Well, it was actually because I was invited to Stephen’s apartment for dinner, and I fell asleep on my sofa. When the phone rang, they were well into the evening and I realized that I had almost stood up a Nobel Prize winner, which is not a great feeling. At the end of the evening, Kazuo said to me that he knew what my next film should be. Oh? He had long harboured a desire to marry Kurosawa’s story with the atmosphere of 1950s post-war Britain, and in a way I don’t understand, he connected those two things with me. I don’t want to ask him why he thought of me; I’m too embarrassed to ask.

When the film premiered at Sundance almost a year ago, you said that you never had a chance to watch Ikiru. Has that changed since?

I did watch it afterward, and admired it tremendously. I should have been more frightened about trying to reimagine the project, it is kind of reckless, but I wasn’t daunted. I knew we would be on a different path.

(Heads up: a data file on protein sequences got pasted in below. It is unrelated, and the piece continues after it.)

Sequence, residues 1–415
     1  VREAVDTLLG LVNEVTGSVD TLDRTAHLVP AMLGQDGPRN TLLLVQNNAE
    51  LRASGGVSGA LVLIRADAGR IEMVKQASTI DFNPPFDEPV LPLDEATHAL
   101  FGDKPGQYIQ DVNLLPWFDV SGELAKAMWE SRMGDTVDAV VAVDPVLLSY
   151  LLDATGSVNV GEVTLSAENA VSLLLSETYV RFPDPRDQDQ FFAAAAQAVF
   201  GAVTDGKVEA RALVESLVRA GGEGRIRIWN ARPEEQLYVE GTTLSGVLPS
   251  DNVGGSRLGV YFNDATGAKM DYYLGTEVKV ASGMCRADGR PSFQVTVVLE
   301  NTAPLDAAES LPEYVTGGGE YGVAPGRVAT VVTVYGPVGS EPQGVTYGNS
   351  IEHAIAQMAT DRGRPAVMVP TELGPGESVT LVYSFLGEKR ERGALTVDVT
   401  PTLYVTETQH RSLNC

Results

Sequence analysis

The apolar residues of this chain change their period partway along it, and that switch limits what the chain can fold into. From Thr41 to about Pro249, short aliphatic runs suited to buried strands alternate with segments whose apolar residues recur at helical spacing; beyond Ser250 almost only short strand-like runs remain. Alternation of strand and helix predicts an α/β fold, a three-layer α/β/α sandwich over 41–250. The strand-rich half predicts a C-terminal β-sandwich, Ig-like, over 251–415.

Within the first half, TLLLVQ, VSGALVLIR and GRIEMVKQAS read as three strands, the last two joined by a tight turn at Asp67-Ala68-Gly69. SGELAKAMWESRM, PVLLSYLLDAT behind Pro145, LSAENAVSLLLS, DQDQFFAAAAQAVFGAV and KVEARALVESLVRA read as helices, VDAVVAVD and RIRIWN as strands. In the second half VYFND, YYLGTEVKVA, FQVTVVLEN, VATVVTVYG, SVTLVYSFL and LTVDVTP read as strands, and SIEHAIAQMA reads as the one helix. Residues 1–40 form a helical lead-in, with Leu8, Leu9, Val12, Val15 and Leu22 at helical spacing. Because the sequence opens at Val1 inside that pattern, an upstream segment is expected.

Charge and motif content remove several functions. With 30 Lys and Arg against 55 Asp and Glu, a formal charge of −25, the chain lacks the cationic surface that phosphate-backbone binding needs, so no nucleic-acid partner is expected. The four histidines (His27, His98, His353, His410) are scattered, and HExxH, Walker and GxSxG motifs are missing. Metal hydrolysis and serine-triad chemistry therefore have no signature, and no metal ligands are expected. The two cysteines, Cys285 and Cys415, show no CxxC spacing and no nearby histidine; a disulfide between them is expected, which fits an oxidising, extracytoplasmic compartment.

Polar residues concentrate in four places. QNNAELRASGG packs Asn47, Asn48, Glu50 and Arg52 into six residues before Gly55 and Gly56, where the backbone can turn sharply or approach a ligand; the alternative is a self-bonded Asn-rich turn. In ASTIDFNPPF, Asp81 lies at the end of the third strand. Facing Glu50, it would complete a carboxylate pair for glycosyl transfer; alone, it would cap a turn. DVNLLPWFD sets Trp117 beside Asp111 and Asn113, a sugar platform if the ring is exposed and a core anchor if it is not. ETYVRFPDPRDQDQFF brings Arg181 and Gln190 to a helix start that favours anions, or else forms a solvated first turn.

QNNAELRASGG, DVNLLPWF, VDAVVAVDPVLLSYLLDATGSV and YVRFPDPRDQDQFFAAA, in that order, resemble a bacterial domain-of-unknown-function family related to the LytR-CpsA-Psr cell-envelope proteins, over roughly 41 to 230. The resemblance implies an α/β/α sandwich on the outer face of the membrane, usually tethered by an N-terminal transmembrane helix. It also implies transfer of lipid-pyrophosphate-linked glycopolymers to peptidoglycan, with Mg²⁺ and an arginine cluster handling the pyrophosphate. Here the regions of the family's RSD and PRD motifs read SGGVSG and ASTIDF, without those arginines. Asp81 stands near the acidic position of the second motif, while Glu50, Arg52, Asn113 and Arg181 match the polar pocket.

There was no desire to a deep dive into the history of the story, to go back to Tolstoy’s work?

No, no. If I’m doing an adaptation of a book, I never read it. It’s not useful. It doesn’t hinder me, but it doesn’t help either.

What does help? What gets you to where you need to be?

Studying the lines and learning them meticulously to give the impression that I’ve never said them before. I’m lucky to work with a level of writing most of the time where most of the information that I need is in the script. I’m not fancy, I just do a lot of study. I also make decisions based on what has been done before, and I do the opposite. It’s not very sophisticated, but it works.

In Living, Nighy plays a quiet 1950s British bureaucrat diagnosed with a fatal illness.Ross Ferguson/Sony Pictures Classics via AP

Does that include what you yourself have done before?

I’m not seeking to avoid repetition, I don’t think about it in those terms. If you’re into a good thing, stick with it. I wish I was Steve McQueen, who is one of my favourite actors of all time. He made every part look effortless and natural.

There’s still time for you to get behind the wheel. Steven Spielberg is remaking Bullitt, after all. Time to lobby him.